Tough Times

This topic contains 4 replies and was last updated by mike-jones 12 years 10 months ago
Author
mike-jones
February 7th, 2009 5:35am
Post
I know that in the past few years this trade has enjoyed a bit of a renaissance. There has been great demand for our skills, and pay levels have increased in step with it.



But, high fuel costs last summer have stifled a lot of companies, and in my opinion sparked the brewing economic meltdown we have experienced. Oil prices have since tanked hitting the profit margin hard in the tar sands. Expansions have been cancelled, and I have to wonder about the short term viability of the project.



It has hit hard across the country. The automotive sector has seen outputs drop 40-50% over last year. Even Toyota is hit hard, and there is much wonder if the domestic industry will survive. This leads to less runs for trucking companies, which leads to fewer trucks, and therefore fewer of us to keep them running. You get the idea.



IHC and Sterling are shutting down here in Ontario. Last month has seen the highest job losses in 30 years, and may approach levels of the great depression.



We are just entering the real mess here, and how deep and how long it will be is anyone's guess. We are in uncharted territory, even the financial gurus tossing up their arms as what to do. Talk of recession is turning to talk of depression in some circles.



So, I guess my point here is will us technicians be able to continue to enjoy the improvements made over that last while, or will we sink into the same cesspool of unemployment that is spreading through the rest of the labour market.
ben
February 7th, 2009 11:54pm
It is really worrying to also see how many small businesses failing. I know many local business owners in restaurants, and construction, and they are all expressing their need to layoff. I hope there are some sparks of a new revitalization soon.



BTW really good post. You should post this in the news section.
dave
February 20th, 2009 4:38pm
My guess is that in the short term there will be more lay off of technicians but it will not last. A lot of layoffs are from natural resources that are becoming more expensive to produce than they are selling for. Eventually when production stops prices will go back up and technicians will be needed again. A timeline for this is not clear but many are suggesting that 2009 will be a dark year but should be picking up in the 3rd quarter of the year.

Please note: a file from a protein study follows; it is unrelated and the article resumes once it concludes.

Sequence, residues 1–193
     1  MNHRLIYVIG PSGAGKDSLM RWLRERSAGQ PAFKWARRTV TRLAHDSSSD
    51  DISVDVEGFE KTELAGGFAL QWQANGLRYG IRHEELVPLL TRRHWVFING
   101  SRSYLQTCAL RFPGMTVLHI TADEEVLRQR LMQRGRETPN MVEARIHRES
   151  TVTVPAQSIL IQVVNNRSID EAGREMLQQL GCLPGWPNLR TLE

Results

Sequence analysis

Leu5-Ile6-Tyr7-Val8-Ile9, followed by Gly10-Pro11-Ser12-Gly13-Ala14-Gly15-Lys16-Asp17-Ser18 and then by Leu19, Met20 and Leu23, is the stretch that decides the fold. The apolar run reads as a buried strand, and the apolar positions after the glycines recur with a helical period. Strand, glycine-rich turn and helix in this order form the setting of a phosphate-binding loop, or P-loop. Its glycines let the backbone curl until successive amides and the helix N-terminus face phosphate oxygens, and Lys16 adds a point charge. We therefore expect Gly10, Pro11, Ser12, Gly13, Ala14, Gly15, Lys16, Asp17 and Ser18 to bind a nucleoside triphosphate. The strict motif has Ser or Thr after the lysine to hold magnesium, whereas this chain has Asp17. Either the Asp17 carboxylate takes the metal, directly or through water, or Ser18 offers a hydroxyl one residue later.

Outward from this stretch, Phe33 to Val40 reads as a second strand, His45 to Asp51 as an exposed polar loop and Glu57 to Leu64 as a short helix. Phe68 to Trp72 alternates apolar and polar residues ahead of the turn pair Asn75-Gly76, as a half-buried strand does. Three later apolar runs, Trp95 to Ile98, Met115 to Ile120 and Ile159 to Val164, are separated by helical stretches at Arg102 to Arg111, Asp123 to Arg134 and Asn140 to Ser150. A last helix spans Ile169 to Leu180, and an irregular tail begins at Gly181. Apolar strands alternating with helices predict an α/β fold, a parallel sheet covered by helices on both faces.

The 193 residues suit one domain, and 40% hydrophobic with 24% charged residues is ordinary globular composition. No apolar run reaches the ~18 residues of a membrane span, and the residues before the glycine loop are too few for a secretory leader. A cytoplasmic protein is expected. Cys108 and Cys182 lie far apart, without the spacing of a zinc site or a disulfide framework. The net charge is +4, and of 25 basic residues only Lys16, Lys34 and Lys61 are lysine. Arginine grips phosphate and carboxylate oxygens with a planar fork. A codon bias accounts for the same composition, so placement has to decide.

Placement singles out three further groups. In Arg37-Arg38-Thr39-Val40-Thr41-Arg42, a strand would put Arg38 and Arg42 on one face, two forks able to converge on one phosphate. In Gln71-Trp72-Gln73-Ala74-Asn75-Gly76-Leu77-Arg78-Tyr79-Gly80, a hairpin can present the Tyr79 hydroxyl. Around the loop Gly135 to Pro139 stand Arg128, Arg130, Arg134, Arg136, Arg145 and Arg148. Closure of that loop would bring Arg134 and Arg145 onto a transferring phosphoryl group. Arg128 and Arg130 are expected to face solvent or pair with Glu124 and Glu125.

In the future what will likely happen is a decrease in wages across the board for technicians but it should go back to being a very stable career choice.
mike-jones
February 20th, 2009 9:01pm
Agreed. But that would be for normal supply vs demand studies that you study in basic economics.



What we are dealing with here is a financial meltdown of global proportions fueled by the collapse of many US banks, as well as many more in Europe that were caught up in the mortgage scam. That in itself warrants a deep discussion.



But the outcome here is that we are charting new waters. Even the experts are throwing up their hands as to where this will all go and end. The bottom has not been seen yet, and we don't know when or how low it will be.



We are seeing the global price for oil now hovering in the $35-40 arena, which is not enough for the Tar Sands to remain viable. But, I do understand that in reality it is selling for about $10/barrel more than the price you see quoted on the news every night. And what is being paid on the everyday market is dictating the price we pay at the pumps. It's complex, and I am still trying to wrap my head around it.



The real result is what is placing us in this deep recession. There are no precedents as to what is happening unless you look at the factors the drove us into the depression in the 30's. There you will find some remarkable similarities.



Obama is spending money like a drunken sailor to try and pull the US out of the mess. Money that is 100% borrowed and which the taxpayer will be on the hook for many years, or even generations, to come.



In all, it does not look good for anyone. If you have a job, do what you can to keep it. Even if you don't like some facets of it. You're better of than a lot of people out there.



If our pay stalls even in the face of inflation, just be glad it's there. If we pull out of this mess, then there will be new horizons to look forward to. But we must hunker down and do what we need to do.



Mike
ken-roth
February 27th, 2009 1:26am
I agree with Karma however I live in the states and this crap started late 07 with a free fall in 08 and losts of negative talk for 09. I'm seeing the automobile dealerships walking away and the employees without a job the next day with no notice. The trucking is slow but in my shop we haven't let anyone go. I'm hearing the same in other dealerships. In California Arnold just signed the budget, the stimulus bill passed and hopefully things will start happening. Talk is in infrustructure so large contractors may be a good place for tech jobs. I've lived in the states for quit a while and see Canada is always a couple years behind in many areas. So if I was living in Canada I would compare the two to date and plan accordingly.

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